Back to IndieWire

Back to School, Days 2 & 3

Back to School, Days 2 & 3

metropolitan.jpgAt The New School this week, we’ve looked mostly at the 1970s and 80s, scratching the surface on 1990 today. Yesterday, we spent some time discussing the term “independent film”, what does it mean? Is it simply a marketing term as one student posed, or does it represent something more. Today, Ira Deutchman visited and explained he’d just as soon get rid of the term all together.

Yesterday, we also considered John Cassavetes and watched a bit of “A Woman Under The Influence”, folllowed by an interesting discussion between Gena Rowlands and Peter Falk, from the Criterion Collection disc, and then a screening of Jim Jarmusch’s “Stranger Than Paradise”. A few students seemed particularly struck by Tom DiCillo’s camera work and Jarmusch’s striking use of the limited resources at his disposal. To what extent was his filmmaking style shaped by circumstance and limited resources, one student asked…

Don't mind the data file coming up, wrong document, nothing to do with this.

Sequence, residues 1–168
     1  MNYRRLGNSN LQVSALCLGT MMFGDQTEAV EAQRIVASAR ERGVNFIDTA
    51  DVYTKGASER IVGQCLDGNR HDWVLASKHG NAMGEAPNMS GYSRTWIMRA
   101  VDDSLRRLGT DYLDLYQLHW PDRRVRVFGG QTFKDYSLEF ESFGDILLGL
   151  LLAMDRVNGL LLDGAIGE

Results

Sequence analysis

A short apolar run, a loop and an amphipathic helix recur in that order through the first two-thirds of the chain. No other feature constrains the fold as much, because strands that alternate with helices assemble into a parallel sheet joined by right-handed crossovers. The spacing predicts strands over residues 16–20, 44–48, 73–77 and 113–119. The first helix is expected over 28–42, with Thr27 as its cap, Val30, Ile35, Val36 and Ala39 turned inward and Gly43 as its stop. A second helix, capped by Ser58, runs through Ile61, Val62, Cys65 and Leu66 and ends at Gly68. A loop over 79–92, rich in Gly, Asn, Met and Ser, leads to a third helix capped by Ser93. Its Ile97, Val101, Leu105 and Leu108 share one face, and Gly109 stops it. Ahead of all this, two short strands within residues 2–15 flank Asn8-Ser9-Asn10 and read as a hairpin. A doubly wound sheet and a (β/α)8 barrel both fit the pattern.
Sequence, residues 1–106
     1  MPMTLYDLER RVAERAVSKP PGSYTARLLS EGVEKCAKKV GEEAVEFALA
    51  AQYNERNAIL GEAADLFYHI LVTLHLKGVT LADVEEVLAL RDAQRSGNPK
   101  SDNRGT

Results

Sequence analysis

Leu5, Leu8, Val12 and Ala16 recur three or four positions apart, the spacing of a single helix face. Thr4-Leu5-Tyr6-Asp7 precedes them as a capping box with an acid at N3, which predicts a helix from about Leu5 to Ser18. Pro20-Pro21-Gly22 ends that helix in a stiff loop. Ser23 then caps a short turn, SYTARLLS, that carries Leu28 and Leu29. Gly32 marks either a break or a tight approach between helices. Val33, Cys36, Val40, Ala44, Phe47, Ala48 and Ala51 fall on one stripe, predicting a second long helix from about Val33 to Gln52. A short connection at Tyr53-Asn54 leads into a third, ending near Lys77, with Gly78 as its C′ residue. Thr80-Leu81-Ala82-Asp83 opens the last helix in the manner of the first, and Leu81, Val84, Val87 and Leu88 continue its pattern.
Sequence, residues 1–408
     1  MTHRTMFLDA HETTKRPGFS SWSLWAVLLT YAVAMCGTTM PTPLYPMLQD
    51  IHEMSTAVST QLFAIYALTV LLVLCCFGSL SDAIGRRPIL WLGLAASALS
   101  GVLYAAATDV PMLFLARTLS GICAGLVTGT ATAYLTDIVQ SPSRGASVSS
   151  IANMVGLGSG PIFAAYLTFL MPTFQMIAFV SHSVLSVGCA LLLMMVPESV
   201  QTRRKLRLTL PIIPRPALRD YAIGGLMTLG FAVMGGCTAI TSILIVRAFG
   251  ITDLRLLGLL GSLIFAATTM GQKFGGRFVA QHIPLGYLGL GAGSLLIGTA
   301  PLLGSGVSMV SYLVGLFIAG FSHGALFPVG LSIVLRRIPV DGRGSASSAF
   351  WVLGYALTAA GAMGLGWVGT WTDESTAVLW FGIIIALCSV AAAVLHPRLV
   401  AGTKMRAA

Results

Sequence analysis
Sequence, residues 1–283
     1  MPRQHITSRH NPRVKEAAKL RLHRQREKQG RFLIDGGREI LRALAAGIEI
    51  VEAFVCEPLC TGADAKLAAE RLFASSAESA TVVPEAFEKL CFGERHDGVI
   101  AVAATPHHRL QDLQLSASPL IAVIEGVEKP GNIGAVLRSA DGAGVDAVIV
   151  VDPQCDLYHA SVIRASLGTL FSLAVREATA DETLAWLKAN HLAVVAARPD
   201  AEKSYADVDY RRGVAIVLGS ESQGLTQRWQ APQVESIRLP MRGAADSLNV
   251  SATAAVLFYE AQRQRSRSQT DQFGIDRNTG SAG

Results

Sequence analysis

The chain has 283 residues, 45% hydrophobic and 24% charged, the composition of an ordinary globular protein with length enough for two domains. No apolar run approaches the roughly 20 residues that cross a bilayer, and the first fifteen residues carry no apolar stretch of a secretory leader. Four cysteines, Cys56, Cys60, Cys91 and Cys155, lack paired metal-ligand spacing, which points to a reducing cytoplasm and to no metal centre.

Today, we watched a bit of Soderbergh’s “Sex, Lies, and Videotape”, talked about Sundance and Miramax, and then Ira Deutchman shared stories about his experiences with the distribution of “Woman Under The Influence”, “Sex, Lies,” and then Whit Stillman‘s “Metropolitan” (a personal favorite of that time), which we watched in its entirety. Deutchman’s story about how New Line ended up acquiring the movie was especially insightful, including an entertaining anecdote about how famed New York Times’s critic Vincent Canby‘s embracing the film helped the movie get a deal on the eve of the New Directors/New Films festival. Ira also shared some insights on the early days of Fine Line Features, which he launched shortly after the “Metropolitan” pact.

This Article is related to: Uncategorized and tagged